By Stephanie Nebehay
GENEVA (Reuters) - The United Nations said on Thursday it was readying food stocks for 1.5 million people in Syria as part of a 90-day emergency contingency plan to help civilians deprived of basic supplies after nearly a year of conflict.
"More needs to be done," John Ging of the U.N. Office for the Coordination of Humanitarian Assistance (OCHA) told a one-day Syrian Humanitarian Forum in Geneva.
"The U.N. side of the humanitarian community is looking at the process of additional food stocks pre-positioned to target 1.5 million people," said Ging, who is chairing the meeting.
He described the situation in Syria as "very fluid" and said the capacity of Syrian health services to provide trauma care and medicines must be restored. Water systems damaged during shelling of residential areas must be repaired.
The world body, which has been shut out of Syria, has drawn up an initial three-month aid plan of $105 million which is likely to translate into a funding appeal to donors, diplomats and U.N. sources told Reuters.
The U.N. estimates more than 7,500 civilians have died during Syrian President Bashar al-Assad's crackdown on a popular uprising.
Top U.N. aid official Valerie Amos is midway through a three-day visit to Syria, where she made a brief visit on Wednesday to the shattered Baba Amr district of Homs.
The International Committee of the Red Cross, the only international agency to deploy aid workers in Syria, is also taking part in the meeting.
"The political process is getting very complicated but the Syrian people cannot wait. Humanitarians have to step in," Claus Sorensen, director general of the European Union's aid department ECHO, told the talks.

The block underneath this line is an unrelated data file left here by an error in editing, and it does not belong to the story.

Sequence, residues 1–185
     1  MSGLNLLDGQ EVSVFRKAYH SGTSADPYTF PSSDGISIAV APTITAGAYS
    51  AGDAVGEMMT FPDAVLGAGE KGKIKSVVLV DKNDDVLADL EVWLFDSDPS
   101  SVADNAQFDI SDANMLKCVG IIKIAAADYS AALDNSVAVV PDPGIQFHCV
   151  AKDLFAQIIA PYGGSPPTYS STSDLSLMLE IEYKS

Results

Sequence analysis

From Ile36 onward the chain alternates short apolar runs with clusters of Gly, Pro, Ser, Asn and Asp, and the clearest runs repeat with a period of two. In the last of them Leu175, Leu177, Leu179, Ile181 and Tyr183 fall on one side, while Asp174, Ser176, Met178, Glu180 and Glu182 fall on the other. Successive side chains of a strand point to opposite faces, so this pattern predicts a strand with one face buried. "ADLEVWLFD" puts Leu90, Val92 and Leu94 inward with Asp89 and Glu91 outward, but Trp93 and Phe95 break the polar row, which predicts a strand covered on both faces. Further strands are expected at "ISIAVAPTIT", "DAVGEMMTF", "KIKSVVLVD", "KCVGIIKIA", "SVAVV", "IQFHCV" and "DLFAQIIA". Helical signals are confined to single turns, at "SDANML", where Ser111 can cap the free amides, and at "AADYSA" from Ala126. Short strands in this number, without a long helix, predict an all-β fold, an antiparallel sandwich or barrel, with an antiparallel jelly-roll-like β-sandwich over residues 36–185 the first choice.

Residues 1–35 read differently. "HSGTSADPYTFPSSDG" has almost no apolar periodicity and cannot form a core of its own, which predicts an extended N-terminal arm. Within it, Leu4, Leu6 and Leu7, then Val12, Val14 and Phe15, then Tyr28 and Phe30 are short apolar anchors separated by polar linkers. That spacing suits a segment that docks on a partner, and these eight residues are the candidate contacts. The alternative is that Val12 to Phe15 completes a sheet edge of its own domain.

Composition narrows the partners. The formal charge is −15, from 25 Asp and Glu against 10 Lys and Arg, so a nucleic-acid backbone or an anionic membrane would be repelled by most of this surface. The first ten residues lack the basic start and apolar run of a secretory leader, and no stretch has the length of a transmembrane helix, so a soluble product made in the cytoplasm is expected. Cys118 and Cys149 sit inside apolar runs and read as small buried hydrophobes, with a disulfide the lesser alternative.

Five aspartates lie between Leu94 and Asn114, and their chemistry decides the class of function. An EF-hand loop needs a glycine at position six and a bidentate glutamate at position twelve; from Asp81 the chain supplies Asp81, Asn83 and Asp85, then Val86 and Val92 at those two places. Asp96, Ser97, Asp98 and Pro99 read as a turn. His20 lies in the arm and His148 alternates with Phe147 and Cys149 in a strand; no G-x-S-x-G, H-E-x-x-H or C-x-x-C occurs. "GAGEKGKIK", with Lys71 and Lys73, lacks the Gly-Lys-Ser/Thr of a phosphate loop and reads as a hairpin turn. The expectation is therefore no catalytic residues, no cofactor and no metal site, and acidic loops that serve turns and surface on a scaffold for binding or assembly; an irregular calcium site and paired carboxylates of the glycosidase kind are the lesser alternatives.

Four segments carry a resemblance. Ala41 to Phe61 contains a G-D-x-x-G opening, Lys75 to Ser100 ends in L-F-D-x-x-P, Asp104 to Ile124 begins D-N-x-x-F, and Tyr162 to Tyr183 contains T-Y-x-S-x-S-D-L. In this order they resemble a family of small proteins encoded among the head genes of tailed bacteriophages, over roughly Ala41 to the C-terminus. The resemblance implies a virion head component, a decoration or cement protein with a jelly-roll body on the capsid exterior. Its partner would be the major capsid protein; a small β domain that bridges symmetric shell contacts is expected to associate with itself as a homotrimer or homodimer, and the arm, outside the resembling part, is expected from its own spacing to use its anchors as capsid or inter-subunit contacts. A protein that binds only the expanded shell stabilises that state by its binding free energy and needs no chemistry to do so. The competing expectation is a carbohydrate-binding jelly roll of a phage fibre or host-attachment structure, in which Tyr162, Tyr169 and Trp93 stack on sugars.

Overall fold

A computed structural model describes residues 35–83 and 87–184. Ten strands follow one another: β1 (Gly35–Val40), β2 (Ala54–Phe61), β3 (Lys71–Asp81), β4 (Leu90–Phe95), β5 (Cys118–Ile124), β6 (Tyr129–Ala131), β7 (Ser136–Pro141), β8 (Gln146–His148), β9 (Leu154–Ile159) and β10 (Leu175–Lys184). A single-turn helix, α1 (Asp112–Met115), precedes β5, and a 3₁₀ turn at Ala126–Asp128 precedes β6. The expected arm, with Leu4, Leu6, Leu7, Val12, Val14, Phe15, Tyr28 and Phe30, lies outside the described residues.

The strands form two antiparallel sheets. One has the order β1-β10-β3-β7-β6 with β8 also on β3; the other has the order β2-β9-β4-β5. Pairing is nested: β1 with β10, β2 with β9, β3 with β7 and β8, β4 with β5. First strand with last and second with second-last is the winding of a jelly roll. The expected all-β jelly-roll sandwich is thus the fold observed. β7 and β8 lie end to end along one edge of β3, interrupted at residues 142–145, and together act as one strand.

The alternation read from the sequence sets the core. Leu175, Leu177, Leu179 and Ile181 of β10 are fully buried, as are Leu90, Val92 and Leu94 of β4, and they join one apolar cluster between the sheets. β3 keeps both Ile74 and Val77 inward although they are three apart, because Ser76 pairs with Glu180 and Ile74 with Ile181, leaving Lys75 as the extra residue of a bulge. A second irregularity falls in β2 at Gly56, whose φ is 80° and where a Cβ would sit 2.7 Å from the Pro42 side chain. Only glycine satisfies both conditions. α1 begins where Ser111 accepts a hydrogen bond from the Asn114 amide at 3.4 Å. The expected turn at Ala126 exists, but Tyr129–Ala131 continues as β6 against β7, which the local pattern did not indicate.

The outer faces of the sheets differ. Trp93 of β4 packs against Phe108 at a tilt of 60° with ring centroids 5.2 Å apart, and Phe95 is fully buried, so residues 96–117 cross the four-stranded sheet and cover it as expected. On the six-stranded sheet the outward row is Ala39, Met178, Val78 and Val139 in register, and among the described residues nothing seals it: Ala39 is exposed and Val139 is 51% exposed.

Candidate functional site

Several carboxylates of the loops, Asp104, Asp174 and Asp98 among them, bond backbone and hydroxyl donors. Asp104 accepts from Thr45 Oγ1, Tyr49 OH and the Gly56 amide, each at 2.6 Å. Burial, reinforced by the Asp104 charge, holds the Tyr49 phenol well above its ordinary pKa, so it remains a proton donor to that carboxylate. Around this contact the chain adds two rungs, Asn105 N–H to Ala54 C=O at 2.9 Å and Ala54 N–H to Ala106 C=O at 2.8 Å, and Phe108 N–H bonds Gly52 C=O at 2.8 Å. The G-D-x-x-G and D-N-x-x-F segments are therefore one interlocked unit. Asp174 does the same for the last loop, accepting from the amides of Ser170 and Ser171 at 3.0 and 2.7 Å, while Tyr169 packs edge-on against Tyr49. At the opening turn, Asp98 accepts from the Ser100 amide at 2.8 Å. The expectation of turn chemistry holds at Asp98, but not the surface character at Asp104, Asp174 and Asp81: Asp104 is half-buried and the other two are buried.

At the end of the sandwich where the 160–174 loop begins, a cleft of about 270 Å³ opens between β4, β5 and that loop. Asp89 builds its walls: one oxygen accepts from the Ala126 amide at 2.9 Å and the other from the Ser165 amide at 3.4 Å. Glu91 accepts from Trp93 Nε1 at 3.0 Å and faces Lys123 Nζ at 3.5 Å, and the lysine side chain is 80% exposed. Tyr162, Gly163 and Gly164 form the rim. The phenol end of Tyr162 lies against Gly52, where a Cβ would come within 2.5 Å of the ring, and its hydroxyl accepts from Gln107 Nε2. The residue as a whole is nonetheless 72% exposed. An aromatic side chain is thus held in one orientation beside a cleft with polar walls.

"The purpose of this meeting is to give an answer to the immediate suffering...It is about getting access, access and access -- that is a precondition for actually providing any type of relief," he said.
Faysal Khabbaz Hamoui, Syria's ambassador to the U.N. in Geneva, took the floor to reject the Geneva forum as having been convened "contrary to the U.N. Charter".
"Syria is not undergoing a humanitarian crisis," Hamoui said, accusing some media of trying to "prepare the ground for foreign military intervention".
"Today we are exporting products of industry and agriculture, and livestock as well to most countries of the region," he added.
The United States, which is represented by deputy assistant secretary of state Kelly T. Clements, said in a statement issued before the talks began: "The United States continues to call on the regime of President Bashar al-Assad to allow safe access to humanitarian groups to provide life-saving assistance."
Dr. Sima Bahous, assistant secretary-general of the League of Arab States, told the meeting: "We call on all parties to cease violence and killing immediately and ensure delivery of humanitarian assistance to all areas."
Kofi Annan, the U.N.-Arab League special envoy on Syria, said he would urge President Assad and his foes to stop fighting and seek a political solution.
(Reporting by Stephanie Nebehay; Editing by Louise Ireland and Robert Woodward)